There have been both strides and setbacks in recent years in the process of decreasing poverty in Ethiopia. Poverty in the region has been steadily falling. Several factors, including increased agriculture and a decreasing fertility rate, are responsible for this decline. However, the developing nation needs to do much more to stay on track.
The poverty rate in Ethiopia has been on a steady decline for the last 10 years. As a result, the country’s health and quality of life have been improving. The World Bank reported that the national poverty rate decreased from 29.6% to 23.5% between 2011 and 2016. Here is a breakdown of what is decreasing poverty in Ethiopia.
The Agricultural Factor
One of the main ways that Ethiopia has improved its poverty rate is through increased agricultural activities, which are the backbone of its economy. Data from 2018 shows that the majority of the population, approximately 80%, live in rural areas. Additionally, the World Bank estimated that in 2018, approximately 67% of employment was in agriculture. For Ethiopians, agriculture is a vital part of their income. As a result, one of the most effective ways of targeting poverty in Ethiopia is stimulating the agricultural industry.
The Ethiopian Agricultural Transformation Agency has been identifying and remedying obstacles in Ethiopia’s agricultural industry since 2010. According to the ATA’s website, it operates “in order to provide a platform to address the most critical systemic bottlenecks constraining fulfillment of agriculture sector goals and targets identified by the government.”
Another project that is positively impacting Ethiopia’s agricultural industry is the Second Agricultural Growth Project. This project began in 2015 and aids in commercializing and increasing agricultural production.
All of this work has been paying off. According to a report published by the International Food Policy Research Institute, Ethiopia’s total agricultural output in 2013/14 had risen an impressive 124% since 2004/5. With agriculture playing such a large role in Ethiopia’s economy, a continued focus on expanding and commercializing this sector of the economy should continue to help eradicate poverty in the country.
The Fertility Rate Factor
Another factor affecting Ethiopia’s poverty rates is a decrease in the fertility rate. The fertility rate is a measure of the average number of children per woman. In Ethiopia, the fertility rate has fallen from approximately 6.5 children in 2000 to 4.2 children in 2018. Fertility rates often correlate with poverty because the birth of fewer children results in a smaller drain on the nation’s resources. Countries with lower fertility rates can often offer better resources to citizens because more resources are available to each child.
While the nation is working towards overcoming poverty, it still plagues daily life in many ways. One particular effect of poverty on public health is a lack of resources for maintaining hygiene, which is particularly vital in the era of COVID-19. A lack of running water in the country has led a chunk of the population, around 22%, to practice open defecation. This practice has many health risks for the Ethiopian public, as it often leads to people coming into contact with fecal pathogens.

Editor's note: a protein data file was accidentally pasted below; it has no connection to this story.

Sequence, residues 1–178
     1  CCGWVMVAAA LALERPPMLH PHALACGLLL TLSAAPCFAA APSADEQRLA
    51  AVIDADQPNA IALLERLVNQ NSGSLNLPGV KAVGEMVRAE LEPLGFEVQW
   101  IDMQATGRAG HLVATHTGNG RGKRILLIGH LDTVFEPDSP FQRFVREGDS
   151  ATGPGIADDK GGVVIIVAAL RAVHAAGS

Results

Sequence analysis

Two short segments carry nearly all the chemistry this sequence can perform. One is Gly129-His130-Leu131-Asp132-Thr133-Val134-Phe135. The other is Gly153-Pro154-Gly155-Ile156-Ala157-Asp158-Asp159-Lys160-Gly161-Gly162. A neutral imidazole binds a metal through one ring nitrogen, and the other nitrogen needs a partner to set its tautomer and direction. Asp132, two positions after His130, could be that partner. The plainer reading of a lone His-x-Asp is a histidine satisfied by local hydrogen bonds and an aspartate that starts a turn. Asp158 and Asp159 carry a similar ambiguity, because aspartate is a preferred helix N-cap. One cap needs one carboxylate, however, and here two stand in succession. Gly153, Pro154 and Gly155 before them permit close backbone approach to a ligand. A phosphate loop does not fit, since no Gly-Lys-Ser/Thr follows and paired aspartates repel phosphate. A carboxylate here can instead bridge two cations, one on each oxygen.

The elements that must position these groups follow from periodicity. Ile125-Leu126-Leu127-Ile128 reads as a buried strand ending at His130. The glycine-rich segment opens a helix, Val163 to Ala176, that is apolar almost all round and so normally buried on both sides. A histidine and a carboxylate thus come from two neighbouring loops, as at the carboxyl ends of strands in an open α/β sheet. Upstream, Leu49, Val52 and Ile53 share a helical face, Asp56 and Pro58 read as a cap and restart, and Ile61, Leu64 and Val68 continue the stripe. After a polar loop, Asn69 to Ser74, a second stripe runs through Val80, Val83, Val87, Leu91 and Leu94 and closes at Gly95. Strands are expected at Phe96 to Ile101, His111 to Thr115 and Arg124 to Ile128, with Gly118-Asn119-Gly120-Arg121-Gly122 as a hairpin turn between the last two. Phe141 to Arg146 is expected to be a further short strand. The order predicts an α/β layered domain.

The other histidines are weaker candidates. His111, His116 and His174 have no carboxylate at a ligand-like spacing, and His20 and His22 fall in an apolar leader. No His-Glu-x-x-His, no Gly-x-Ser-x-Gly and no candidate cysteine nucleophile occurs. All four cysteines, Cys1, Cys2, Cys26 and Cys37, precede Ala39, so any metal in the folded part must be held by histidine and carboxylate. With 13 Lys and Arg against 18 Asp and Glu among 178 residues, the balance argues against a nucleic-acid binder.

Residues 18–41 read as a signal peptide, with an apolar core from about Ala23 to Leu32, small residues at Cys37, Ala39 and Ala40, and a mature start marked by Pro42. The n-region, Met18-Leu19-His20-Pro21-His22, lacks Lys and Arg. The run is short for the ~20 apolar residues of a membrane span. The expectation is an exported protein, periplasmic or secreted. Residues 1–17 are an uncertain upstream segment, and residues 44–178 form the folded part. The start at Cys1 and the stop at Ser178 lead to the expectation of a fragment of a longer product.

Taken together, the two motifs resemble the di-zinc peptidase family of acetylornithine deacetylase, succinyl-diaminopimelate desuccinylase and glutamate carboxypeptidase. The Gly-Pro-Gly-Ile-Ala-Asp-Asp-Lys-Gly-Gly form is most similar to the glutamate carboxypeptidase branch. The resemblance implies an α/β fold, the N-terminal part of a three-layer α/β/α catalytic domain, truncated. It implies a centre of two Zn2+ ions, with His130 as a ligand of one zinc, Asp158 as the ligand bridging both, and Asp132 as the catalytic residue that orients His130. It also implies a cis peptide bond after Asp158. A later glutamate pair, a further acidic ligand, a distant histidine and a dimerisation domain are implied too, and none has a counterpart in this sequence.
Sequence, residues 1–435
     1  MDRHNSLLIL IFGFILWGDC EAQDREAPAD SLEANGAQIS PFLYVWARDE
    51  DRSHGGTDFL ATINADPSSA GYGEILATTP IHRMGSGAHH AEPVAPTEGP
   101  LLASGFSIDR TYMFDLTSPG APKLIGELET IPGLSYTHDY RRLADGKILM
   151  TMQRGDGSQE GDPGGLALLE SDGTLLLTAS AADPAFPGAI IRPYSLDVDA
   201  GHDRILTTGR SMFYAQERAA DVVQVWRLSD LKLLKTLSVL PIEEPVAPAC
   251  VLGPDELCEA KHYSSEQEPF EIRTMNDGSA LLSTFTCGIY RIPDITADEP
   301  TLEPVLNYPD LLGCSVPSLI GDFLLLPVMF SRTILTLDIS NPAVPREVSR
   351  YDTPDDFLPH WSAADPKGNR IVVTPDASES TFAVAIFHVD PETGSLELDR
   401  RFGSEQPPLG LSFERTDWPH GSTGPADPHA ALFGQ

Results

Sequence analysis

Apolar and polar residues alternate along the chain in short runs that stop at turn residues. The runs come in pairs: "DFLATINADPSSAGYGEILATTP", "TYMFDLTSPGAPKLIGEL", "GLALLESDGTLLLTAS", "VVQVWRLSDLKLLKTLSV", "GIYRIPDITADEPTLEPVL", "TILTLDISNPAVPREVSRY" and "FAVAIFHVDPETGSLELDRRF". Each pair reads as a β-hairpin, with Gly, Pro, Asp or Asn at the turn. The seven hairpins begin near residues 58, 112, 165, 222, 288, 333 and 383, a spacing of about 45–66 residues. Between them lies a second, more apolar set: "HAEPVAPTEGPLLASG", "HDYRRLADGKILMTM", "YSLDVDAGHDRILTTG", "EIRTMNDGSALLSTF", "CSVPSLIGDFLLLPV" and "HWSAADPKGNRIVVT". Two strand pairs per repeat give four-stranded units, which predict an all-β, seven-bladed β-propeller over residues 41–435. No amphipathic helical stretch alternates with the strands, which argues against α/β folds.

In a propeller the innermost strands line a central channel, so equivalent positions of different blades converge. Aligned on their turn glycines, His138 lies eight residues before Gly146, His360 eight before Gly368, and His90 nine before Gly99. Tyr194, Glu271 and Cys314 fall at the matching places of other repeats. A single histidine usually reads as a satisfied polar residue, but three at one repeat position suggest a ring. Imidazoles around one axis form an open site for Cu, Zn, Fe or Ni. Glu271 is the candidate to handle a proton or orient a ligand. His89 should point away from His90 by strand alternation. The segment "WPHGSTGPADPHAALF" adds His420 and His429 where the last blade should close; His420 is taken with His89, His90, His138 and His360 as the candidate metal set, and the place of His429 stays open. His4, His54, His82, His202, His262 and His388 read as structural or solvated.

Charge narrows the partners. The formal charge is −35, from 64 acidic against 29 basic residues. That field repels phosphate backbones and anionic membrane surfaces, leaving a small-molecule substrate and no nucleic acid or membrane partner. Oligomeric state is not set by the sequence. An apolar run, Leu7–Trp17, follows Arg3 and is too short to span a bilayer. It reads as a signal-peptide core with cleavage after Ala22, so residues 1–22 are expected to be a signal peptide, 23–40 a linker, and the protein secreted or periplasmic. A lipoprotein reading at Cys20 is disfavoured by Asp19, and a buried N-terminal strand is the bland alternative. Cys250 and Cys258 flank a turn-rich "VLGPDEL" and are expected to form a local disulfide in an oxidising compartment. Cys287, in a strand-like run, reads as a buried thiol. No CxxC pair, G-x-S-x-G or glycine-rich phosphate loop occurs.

Another hygiene-related issue tied to poverty in Ethiopia is a lack of running water to wash hands. In Ethiopia, approximately 30% of the population is without a facility in which they can practice basic hand washing. During the era of COVID-19, hand washing is more important than ever, and this lack of washing facilities could be detrimental to the country.
The Water, Sanitation and Hygiene Project at World Vision Ethiopia has made great strides in providing clean drinking water and sanitation to Ethiopia. WVE’s project “principally aims to reach children and families with a holistic suite of WASH interventions.”
WVE has made a big difference since it started the WASH project in 2011. Between 2011 and 2018, WVE successfully provided 2.4 million Ethiopians with dignified sanitation. In addition to this success, it was also able to make sure that 2.45 million Ethiopians are practicing good hygiene.
In addition to the WASH project, WVE also works to fight disease and sickness. The organization’s programs contribute to the health of more than 3.5 million vulnerable children in Ethiopia. Over the past 10 years, the organization has successfully built a hospital, 55 health centers, 257 health posts and 131 additional maternity blocks. The programs also renovated 11 outdated facilities and worked to provide the facilities with the necessary equipment.
WVE has also committed itself to combating illiteracy in Ethiopia, a necessity in any developing country. It offers a literacy program to children in Ethiopia, which is to help the children further their reading skills.
Over the past 10 years, there have been great steps forward towards decreasing poverty in Ethiopia. While these improvements are cause for celebration, it is also vital to address the poverty that still exists in the developing nation. All too often, people see progress as a sign that efforts are working and that they can simply maintain them or even cut them back. Ethiopia’s recent success is an encouraging sign, but one that needs to spur, not curtail further action.
– Sophia Gardner